Evolution of Dental Bleaching, from research to clinical evidence

A clinical case by our Community member Dr. Rim Bourgi

This article and its content are published under the Author’s responsibility as an expression of the Author’s own ideas and practice. Styleitaliano denies any responsibility about the visual and written content of this work.

The search for whiter teeth has encouraged a growing use of bleaching agents. Patients are generally displeased with the color of their teeth. In an attempt to solve this problem and improve the shade of the teeth, dental bleaching treatment can be employed as a well-accepted, safe, efficient, and non-invasive procedure. This could be possible either by the dental practitioner using bleaching products with a high concentration of a bleaching agent, or by the patient dispensing a low concentration of bleaching agents into a custom-fit tray. The research for an ideal whitening agent has urged manufacturers to launch gels containing different concentrations of carbamide (CP) or hydrogen peroxide (HP) ranging from 5% to 40% HP and 10% to 35% CP. Despite these widespread uses, dentin hypersensitivity, gingival irritation, and alteration of tooth surface morphology can pose as potential side effects of the use of HP in dental office. At-home bleaching has gained popularity among these types of products. Several studies suggested that by using scanning electron microscopy (SEM), enamel structure could be weakened by oxidation of both organic and mineral elements. Nevertheless, the findings of these studies are opposing. In addition, a perfect smile and aesthetic demands by means of white and healthy teeth are now recommended. The use of mobile dental photography (MDP) with auxiliary lighting (Smile Lite MDP) can be achieved in several ways in dentistry including the evolution of the bleaching process. MDP allows both the dentist and the patient to visualize a clinical situation on a bigger scale, where details can be emphasized. How can a dentist document and choose the standard concentration when treating a tooth discoloration?

The aim of this article is to showcase the morphological changes of enamel surface using lower concentration of CP. In addition, documenting, using mobile photography, the progress of bleaching treatment is also an aim. This case is an attempt to translate the research to clinical evidence while improving the confident smile of the patients.

style italiano styleitaliano smileline mdp dental photography
style italiano styleitaliano smileline mdp dental photography
styleitaliano style italiano dark yellow teeth

Fig.1
A 29-year-old male visited our dental office and asked us to figure out a solution for his teeth discoloration issue, preferably avoiding the drilling approach. Patient was placed in occlusion before bleaching with cheek retractors.

styleitaliano style italiano enamel SEM image before and after bleaching

Fig.2
A pilot study was conducted to see the effect of the application 16% CP (Teeth Whitening Gel, White Dental Beauty) on sound enamel. Representative SEM images at 16000× magnification (a) sound enamel; (b) 16% CP (Teeth Whitening Gel, White Dental Beauty), application period similar to 2 weeks. SEM images showed no major changes to enamel topography after bleaching.

styleitaliano style italiano color assment before bleaching

Fig.3
A pre-operative picture is mandatory to select the proper shade and to assess the evolution of the bleaching treatment (the initial shade obtained in this case was A3.5 VITA classical in the cervical region and A3 VITA classical in the middle and incisal regions).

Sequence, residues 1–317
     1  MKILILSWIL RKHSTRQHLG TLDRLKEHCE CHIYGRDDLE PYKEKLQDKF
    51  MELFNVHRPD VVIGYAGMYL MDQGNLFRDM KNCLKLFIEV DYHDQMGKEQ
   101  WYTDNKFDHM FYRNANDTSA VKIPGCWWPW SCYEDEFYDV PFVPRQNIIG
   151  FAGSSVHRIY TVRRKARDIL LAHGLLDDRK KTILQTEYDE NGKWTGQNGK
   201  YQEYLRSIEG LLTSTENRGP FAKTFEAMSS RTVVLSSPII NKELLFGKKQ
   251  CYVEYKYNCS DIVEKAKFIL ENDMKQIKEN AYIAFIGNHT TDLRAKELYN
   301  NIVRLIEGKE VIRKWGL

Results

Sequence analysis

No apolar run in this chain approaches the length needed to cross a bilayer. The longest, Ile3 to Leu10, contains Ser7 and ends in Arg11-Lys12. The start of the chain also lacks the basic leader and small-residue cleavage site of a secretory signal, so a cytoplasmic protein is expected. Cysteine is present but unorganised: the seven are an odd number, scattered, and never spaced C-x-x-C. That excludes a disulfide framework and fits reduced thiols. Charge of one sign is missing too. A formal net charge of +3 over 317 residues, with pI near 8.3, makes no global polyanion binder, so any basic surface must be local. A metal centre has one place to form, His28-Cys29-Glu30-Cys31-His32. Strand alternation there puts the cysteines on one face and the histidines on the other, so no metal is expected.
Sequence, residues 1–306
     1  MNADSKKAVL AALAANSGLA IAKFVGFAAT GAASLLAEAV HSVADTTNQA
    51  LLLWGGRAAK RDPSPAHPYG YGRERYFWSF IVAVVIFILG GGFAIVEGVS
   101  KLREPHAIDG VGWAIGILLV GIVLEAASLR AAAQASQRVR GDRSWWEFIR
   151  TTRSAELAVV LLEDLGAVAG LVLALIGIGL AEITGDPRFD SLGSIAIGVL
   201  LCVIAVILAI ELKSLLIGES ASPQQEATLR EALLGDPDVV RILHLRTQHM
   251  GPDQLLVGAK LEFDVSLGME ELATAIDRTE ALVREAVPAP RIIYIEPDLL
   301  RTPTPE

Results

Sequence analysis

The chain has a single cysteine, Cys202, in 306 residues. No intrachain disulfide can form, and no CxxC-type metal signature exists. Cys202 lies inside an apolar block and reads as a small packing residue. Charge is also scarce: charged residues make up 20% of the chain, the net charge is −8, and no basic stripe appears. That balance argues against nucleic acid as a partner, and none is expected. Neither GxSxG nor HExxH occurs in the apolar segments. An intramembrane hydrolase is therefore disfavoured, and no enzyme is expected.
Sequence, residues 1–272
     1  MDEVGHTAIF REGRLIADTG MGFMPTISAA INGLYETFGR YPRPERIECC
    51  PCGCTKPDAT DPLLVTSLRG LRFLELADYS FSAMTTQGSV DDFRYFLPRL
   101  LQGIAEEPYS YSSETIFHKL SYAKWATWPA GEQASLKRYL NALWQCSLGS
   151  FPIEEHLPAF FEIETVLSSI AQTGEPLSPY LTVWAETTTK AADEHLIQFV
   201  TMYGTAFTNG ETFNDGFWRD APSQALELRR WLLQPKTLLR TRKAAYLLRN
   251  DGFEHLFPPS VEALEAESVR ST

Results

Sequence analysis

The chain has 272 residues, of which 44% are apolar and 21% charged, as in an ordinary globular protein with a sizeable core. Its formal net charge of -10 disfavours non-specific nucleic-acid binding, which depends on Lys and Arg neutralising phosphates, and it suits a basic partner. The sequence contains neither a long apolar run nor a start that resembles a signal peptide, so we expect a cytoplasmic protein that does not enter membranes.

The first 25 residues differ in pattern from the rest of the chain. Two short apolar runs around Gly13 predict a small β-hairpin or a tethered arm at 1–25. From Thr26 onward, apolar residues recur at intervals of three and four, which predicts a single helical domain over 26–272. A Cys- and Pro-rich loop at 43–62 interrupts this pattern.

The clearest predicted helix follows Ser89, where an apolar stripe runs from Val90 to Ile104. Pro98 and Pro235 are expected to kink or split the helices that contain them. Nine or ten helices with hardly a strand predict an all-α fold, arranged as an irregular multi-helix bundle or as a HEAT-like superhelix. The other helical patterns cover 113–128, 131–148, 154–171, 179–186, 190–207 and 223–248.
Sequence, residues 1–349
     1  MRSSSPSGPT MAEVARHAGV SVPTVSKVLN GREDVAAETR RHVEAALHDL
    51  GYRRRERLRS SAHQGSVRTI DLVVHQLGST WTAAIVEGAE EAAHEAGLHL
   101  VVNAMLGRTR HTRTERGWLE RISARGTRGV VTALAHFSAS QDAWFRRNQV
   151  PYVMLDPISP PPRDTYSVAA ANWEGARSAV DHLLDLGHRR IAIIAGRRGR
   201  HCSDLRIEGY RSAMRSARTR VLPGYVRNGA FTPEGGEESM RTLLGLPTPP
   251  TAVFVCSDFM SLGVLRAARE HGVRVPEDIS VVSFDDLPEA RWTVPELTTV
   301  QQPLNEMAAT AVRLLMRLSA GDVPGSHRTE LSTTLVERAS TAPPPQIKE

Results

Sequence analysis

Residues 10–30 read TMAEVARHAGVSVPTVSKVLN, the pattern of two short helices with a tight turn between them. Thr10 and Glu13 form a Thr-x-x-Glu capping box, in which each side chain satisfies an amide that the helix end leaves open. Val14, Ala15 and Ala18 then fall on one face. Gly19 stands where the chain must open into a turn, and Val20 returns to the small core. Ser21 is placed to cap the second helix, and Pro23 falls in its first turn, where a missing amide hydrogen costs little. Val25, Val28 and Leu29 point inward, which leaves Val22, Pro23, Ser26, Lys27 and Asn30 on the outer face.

This picture was taken with the help of Smile Lite MDP device and a Note 9 smartphone in order to compare color deviations between the shade guide and the tooth. Six LEDs on each side of the lateral lights were turned ON and covered with the white diffusers, giving the twin flash effect. Two retractors and one black photographic background (Flexipalette, Smile Line, Switzerland) were used. A3.5 and A3 samples were placed near the natural tooth with edge-to-edge position.

style italiano styleitaliano smileline dental photography flexipalette
style italiano styleitaliano smileline dental photography flexipalette
styleitaliano style italiano polarized picture during shade matching

Fig.4
A polarized picture can be of great help in showing the difference in color compared to the shade guide, and to better frame the issue. Shade was obtained without reflection, and this could be possible by using the polarizing filter mounted on the central light of the Smile Lite MDP device (Smile Line, Switzerland). Only the central light must be ON in this kind of picture.

styleitaliano style italiano polarized dental shade match

Fig.5
Another polarized picture for the patient placed in occlusion before bleaching with cheek retractors and two shade guide samples.

styleitaliano style italiano white dental beauty whitening gels

Fig.6
For at-home treatment, the CP gel is available at 5%, 10%, and 16% concentrations, along with 6% HP (Teeth Whitening Gel, White Dental Beauty). It is important to note that White Dental Beauty gels all feature NOVON® patented technology for optimum performance and decreased sensitivity. The 5% CP Mild was designed specifically for patients with enhanced dental sensitivity. The 6% HP is a fast-acting formula with an application time of as little as 30 minutes per day. In addition, the 16% CP and 10%CP can be applied by day or night.

styleitaliano style italiano white dental beauty teeth whitening syringes

Fig.7
In this case, a 16% CP (White Dental Beauty, Optident, UK) was chosen to be applied 2-4 hours/ day for 2 weeks.

style italiano styleitaliano white dental beauty teeth whitening gels
style italiano styleitaliano white dental beauty teeth whitening gels
styleitaliano style italiano placing whitening gel into whitening tray

Fig.8